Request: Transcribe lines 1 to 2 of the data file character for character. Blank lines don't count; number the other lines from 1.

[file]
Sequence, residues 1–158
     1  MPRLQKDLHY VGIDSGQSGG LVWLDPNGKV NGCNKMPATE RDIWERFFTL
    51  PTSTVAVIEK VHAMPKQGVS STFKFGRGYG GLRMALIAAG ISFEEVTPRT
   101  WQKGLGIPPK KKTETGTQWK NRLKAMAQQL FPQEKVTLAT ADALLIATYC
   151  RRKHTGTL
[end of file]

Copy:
Sequence, residues 1–158
     1  MPRLQKDLHY VGIDSGQSGG LVWLDPNGKV NGCNKMPATE RDIWERFFTL